Proof that post-earthquake, beautiful Nepal is back on its feet

After a 7.8-magnitude earthquake hit the heart of the nation last year, Nepal is being restored and travellers returning to the planet’s highest peaks. 

The world’s highest mountain range cuts across Nepal, drawing hundreds of thousands of adventurers a year to walk the most dramatic landscapes on Earth and climb its most challenging peaks.

In November 2014, my husband, his father and I were similarly attracted to the country to complete the Manaslu circuit, a three-week hike up to an altitude of 5160 metres that weaves a route around Manaslu peak, the eighth highest mountain in the world.

Ancient stone steps and mule paths take you up near the border with Tibet, through isolated villages, Buddhist monasteries, and a constantly changing backdrop of alpine forest, with monkeys jumping from tree to tree, sparse tundra, glistening glaciers and thundering waterfalls. Nights are spent in quaint teahouses, chatting with your guides and local villagers over a bowl dhal and an Everest beer.

But the same geological forces that threw up the spectacular Himalayas, the backbone of this developing country’s vital tourism industry, can also lead to disaster, and in April 2015 the mountains shifted with devastating effect.

Almost 9000 lost their lives as a 7.8-magnitude earthquake hit the capital Kathmandu and Himalayan villages. There was an awful cultural loss too, with World Heritage Sites like those that comprise Durbar Square, a collection of ancient temples and shrines in the heart of Kathmandu, all but levelled.

Up in the mountains, the quake triggered avalanches and landslides; trekking routes, including the Manaslu circuit, were closed, as paths were destroyed and the iconic suspension bridges that criss-cross the many roaring rivers here were damaged.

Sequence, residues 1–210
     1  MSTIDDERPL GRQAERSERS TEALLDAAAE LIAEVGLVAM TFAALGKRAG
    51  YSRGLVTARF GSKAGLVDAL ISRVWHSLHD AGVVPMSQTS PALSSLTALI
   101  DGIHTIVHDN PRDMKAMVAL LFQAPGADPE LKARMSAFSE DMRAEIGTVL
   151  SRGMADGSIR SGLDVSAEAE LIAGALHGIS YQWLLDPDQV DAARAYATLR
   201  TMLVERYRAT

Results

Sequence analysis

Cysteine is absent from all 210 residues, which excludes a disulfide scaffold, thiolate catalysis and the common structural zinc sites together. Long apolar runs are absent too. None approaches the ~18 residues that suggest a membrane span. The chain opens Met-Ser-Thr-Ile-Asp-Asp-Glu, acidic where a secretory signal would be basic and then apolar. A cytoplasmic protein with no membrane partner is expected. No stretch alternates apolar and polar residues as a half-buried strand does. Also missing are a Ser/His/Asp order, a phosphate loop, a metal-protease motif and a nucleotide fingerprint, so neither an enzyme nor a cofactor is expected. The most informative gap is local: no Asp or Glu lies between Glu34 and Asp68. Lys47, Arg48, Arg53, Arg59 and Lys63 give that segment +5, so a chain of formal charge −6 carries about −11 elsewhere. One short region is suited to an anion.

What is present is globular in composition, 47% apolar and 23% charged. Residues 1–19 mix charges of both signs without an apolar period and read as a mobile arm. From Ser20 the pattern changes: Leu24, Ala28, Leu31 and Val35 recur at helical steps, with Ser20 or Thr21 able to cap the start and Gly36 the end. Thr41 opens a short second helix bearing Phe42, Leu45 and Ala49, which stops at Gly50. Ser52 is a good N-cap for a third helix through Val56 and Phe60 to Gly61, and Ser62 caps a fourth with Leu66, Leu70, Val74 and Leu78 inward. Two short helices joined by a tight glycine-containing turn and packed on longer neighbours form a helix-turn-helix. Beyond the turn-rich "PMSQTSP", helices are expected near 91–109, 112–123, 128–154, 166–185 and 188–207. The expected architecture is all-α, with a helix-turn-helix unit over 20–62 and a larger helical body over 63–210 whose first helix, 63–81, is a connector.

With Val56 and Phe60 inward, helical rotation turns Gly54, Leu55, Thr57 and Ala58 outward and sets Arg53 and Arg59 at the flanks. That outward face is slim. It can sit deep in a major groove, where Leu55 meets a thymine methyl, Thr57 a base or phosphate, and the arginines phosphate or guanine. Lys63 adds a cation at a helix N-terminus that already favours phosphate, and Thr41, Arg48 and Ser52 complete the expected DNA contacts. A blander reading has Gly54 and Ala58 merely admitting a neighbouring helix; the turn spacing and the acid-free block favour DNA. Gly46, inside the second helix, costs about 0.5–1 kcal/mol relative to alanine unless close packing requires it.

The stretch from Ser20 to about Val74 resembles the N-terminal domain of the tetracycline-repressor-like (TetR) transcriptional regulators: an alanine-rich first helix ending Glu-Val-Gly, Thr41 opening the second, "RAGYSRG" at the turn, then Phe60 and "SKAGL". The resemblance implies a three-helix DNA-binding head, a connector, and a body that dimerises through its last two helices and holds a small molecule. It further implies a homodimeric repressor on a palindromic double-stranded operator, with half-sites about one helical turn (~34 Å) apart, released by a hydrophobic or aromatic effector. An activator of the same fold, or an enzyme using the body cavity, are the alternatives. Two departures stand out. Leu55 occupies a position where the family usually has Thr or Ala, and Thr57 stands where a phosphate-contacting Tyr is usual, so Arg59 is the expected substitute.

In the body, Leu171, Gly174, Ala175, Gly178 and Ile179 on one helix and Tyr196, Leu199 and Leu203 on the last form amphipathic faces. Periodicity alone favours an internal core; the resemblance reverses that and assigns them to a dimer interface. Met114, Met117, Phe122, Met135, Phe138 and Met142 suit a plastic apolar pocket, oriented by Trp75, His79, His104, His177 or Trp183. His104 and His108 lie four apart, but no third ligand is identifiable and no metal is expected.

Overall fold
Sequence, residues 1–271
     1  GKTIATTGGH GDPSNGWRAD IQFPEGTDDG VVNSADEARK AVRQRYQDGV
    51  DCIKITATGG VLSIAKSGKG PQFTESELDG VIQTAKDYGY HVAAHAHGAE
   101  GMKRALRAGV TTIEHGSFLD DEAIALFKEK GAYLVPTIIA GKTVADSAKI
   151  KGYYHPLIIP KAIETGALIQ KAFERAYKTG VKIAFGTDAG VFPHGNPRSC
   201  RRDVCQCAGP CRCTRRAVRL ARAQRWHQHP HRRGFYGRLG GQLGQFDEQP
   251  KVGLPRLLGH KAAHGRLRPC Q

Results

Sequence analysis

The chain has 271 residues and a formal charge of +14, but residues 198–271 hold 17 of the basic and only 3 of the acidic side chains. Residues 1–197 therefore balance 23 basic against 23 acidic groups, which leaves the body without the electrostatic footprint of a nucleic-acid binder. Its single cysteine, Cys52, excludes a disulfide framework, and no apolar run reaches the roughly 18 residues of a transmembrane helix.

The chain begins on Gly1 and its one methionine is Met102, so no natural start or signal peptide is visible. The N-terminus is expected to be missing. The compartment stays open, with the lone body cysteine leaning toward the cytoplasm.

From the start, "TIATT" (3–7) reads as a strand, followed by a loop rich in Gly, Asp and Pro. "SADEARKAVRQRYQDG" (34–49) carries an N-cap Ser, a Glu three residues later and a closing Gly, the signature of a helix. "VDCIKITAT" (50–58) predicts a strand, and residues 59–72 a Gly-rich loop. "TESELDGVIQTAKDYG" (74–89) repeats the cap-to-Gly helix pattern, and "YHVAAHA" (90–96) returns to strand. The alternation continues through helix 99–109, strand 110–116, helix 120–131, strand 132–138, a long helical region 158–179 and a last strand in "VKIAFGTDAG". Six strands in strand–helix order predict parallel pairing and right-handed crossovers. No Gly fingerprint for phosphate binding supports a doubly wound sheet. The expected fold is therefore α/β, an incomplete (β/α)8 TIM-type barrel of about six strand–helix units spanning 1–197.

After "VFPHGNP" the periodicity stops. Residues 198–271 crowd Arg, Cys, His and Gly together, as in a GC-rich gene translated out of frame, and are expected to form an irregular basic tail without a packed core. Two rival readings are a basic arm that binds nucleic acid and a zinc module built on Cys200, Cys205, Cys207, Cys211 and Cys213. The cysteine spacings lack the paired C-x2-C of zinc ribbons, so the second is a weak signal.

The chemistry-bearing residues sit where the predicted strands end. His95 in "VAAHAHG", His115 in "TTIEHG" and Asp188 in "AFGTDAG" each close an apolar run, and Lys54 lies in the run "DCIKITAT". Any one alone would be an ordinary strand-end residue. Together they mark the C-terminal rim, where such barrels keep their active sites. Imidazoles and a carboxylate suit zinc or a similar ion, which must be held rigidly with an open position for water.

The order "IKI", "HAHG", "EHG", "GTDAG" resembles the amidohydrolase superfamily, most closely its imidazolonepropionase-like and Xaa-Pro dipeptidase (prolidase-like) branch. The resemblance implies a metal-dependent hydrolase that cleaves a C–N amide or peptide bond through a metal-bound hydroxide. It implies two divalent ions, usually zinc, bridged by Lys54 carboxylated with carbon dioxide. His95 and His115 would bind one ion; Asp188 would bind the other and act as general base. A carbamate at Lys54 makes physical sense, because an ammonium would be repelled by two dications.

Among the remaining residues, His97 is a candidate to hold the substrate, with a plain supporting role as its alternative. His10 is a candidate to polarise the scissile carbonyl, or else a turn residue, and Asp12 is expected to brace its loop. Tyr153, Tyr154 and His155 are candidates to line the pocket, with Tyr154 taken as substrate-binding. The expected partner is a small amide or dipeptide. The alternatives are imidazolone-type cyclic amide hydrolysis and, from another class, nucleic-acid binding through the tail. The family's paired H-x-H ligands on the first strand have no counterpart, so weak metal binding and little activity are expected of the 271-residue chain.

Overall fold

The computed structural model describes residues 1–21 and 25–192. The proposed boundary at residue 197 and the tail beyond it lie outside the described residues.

A year later the painstaking effort to restore Nepal’s cultural treasures is well underway, the damage to Kathmandu, Himalayan villages and trails is being repaired and, crucially, tourists are returning.

Operators like World Expeditions ran its popular treks to Everest Base Camp and the Annapurna route last year, having sent experts up to assess any damage.

What’s more, the company will be returning to Manaslu and the Langtang region from March. It had 34 expeditions in the Himalayas last October; all went off without a hitch.

And if you want to go beyond simply giving the country your tourist dollars,World Expeditions has a series of trips that combine trekking with volunteer work in remote areas.

In fact there is not one, but two reasons to head to Nepal in 2016: you have to take a journey in this breathtaking country at least once in your life, walking among the planet’s highest peaks steeped in Buddhist mysticism and meeting its generous people; and while you’re doing all that, you will be helping this proud nation get back on its feet.


Words and photography by Lara Down.

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This article appeared in issue 21


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